Rembrandt’s famous painting of an anatomy lesson, the shrunken head of an Australian indigenous leader, an aerial view of Paris from a balloon: all are windows to enchantment, curiosities that illuminate something shadowy and forgotten lurking behind the neat facade of a rational world. In Curious Visions of Modernity, David Martin unpacks a collection of artifacts from the visual and historical archives of modernity, finding in each a slippage of scientific rationality--a repressed heterogeneity within the homogenized structures of post-Enlightenment knowledge.
One of the defining paintings of British Pop art, Richard Hamilton’s Swingeing London 67 (f) depicts two men--Mick Jagger and Hamilton’s art dealer Robert Fraser--handcuffed together in the back of a police van. The image is taken from a newspaper photograph that shows the two being driven from Lewes prison to Chichester Magistrates Court following their June 1967 arrest for possession of drugs.
As a neurasthenic, kleptomaniac, man-chasing proto-punk poet and artist, the Baroness Elsa von Freytag-Loringhoven left in her wake a ripple that is becoming a rip--one hundred years after she exploded onto the New York art scene. As an agent provocateur within New York’s modernist revolution, “the first American Dada” not only dressed and behaved with purposeful outrageousness, but she set an example that went well beyond the eccentric divas of the twenty-first century, including her conceptual descendant, Lady Gaga.
In 1961, a solo exhibition by Argentine-Italian artist Lucio Fontana met with a scathing critical response from New York art critics. Fontana (1899–1968), well known in Europe for his series of slashed monochrome paintings, offered New York ten canvases slashed and punctured, thickly painted in luridly brilliant hues and embellished with chunks of colored glass.
“Happenings” have pop connotations that conjure up 1960s youth culture and hippies in public, joyful rebellion. Scholars, meanwhile, locate happenings in a genealogy of avant-garde performance that descends from futurism, surrealism, and Dada through the action painting of the 1950s. In Radical Prototypes, Judith Rodenbeck argues for a more complex etiology. Allan Kaprow coined the term in 1958 to name a new collage form of performance, calling happenings “radical prototypes” of performance art. Rodenbeck offers a rigorous art historical reading of Kaprow’s project and related artworks.
When Alfred Jarry died in 1907 at the age of thirty-four, he was a legendary figure in Paris--but this had more to do with his bohemian lifestyle and scandalous behavior than his literary achievements. A century later, Jarry is firmly established as one of the leading figures of the artistic avant-garde. Italo Calvino, Umberto Eco, Gilles Deleuze, Jean Baudrillard, Philip K. Dick, Paul McCartney, DJ Spooky, Peter Greenaway, and J. G. Ballard are among his many admirers.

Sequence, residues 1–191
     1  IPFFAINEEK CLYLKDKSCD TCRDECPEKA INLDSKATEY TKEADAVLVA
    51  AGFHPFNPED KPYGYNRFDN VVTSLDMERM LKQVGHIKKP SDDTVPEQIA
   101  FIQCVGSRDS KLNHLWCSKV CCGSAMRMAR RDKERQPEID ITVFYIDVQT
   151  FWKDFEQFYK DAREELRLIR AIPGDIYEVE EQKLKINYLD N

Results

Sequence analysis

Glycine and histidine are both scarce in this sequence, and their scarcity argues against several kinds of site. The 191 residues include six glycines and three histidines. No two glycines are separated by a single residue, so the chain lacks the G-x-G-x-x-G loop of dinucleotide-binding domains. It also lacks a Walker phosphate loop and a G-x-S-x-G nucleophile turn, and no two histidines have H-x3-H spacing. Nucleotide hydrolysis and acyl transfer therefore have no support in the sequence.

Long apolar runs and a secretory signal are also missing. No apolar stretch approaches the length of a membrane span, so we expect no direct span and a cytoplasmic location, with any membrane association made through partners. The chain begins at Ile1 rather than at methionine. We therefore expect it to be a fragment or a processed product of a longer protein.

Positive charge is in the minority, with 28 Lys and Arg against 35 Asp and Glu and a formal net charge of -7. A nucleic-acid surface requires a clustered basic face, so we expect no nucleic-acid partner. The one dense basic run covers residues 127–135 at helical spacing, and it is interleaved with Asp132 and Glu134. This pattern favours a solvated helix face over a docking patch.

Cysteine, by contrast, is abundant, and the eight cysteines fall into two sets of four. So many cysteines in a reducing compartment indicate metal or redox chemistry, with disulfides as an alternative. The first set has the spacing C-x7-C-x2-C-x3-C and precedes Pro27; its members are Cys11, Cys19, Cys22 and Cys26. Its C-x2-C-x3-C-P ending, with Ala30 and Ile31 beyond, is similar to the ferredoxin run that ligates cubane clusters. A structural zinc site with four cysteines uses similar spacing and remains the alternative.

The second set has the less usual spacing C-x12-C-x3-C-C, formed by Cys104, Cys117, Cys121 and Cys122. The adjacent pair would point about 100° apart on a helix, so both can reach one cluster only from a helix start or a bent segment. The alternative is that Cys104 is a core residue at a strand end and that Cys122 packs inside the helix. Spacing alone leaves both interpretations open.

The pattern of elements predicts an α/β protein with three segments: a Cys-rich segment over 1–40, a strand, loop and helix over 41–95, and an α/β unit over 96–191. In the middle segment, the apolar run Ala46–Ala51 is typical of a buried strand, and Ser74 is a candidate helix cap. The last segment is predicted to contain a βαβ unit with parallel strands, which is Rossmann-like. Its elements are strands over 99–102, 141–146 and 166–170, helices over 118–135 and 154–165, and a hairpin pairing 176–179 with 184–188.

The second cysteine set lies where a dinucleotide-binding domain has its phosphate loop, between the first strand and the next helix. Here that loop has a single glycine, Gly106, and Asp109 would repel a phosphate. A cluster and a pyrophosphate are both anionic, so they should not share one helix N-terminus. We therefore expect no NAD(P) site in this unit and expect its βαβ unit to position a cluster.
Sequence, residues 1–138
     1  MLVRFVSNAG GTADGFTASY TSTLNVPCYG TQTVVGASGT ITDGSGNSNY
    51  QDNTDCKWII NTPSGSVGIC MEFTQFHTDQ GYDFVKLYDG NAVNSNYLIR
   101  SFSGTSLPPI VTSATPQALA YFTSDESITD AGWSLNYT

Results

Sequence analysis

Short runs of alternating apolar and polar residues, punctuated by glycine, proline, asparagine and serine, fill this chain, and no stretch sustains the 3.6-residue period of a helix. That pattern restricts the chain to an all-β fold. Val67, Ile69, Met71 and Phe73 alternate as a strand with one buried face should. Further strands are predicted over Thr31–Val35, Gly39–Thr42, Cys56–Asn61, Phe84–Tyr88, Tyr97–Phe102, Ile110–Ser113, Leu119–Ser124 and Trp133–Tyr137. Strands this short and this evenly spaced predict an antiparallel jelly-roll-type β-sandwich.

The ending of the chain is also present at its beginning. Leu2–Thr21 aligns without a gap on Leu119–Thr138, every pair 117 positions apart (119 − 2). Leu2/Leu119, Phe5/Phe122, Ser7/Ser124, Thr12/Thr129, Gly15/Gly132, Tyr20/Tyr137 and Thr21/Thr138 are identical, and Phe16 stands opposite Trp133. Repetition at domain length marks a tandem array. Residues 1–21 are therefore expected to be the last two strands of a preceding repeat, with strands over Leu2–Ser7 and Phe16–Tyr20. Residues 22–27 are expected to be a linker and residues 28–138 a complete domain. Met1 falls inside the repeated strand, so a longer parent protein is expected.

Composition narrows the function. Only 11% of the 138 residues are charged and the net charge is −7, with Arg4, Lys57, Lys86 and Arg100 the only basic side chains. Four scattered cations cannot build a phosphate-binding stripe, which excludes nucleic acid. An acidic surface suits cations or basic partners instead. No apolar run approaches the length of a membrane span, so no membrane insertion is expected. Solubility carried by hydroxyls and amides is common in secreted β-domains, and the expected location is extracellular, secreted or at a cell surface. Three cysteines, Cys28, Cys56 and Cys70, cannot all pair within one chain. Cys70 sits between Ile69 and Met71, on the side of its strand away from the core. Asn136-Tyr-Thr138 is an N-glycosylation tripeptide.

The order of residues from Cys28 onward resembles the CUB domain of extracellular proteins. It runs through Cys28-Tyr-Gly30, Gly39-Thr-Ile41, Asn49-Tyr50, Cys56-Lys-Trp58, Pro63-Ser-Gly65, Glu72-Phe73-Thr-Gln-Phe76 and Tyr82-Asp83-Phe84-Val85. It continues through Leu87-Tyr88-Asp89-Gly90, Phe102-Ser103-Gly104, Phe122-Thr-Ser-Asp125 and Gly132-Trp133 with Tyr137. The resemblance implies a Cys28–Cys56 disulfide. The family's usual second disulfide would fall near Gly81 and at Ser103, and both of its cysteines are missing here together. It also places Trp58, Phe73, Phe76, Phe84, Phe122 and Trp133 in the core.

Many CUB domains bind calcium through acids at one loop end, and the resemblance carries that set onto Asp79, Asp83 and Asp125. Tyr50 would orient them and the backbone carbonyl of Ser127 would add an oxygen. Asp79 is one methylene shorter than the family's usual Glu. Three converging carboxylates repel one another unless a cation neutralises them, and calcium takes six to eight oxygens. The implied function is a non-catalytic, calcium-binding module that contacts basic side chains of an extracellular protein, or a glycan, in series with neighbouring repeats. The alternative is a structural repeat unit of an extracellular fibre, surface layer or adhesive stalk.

John Cage (1912–1992) defined a radical practice of composition that changed the course of modern music and shaped a new conceptual horizon for postwar art. Famous for his use of chance and “silence” in musical works, a pioneer in electronic music and the nonstandard use of instruments, Cage was one of the most influential composers of the last century. This volume traces a trajectory of writings on the artist, from the earliest critical reactions to the scholarship of today.
To the extent that Chinese contemporary art has become a global phenomenon, it is largely through the groundbreaking exhibitions curated by Gao Minglu: "China/Avant-Garde" (Beijing, 1989), "InsideOut: New Chinese Art" (Asia Society, New York, 1998), and "TheWall: Reshaping Contemporary Chinese Art" (Albright-Knox Art Gallery,2005) among them. As the first Chinese writer to articulate a distinctively Chinese avant-gardism and modernity—one notdefined by Western chronology or formalism—Gao Minglu is largelyresponsible for the visibility of Chinese art in the global art scene today.
Gordon Matta-Clark's Conical Intersect (1975) was a torqued, spiraling "cut" into two derelict seventeenth-century Paris buildings adjacent to the construction site of the controversial Centre Pompidou. With this landmark work of "anarchtecture," Matta-Clark not only opened up these venerable residences to light and air, he also began a dialogue about the nature of urban development and the public role of art.
Magazine publishing is an exercise in ephemerality and transience; each issue goes out in the world only to be rendered obsolete by the next. To publish a magazine is to enter into a heightened relationship with the present moment. During the 1960s and 1970s, magazines became an important new site of artistic practice, functioning as an alternative exhibition space for the dematerialized practices of conceptual art.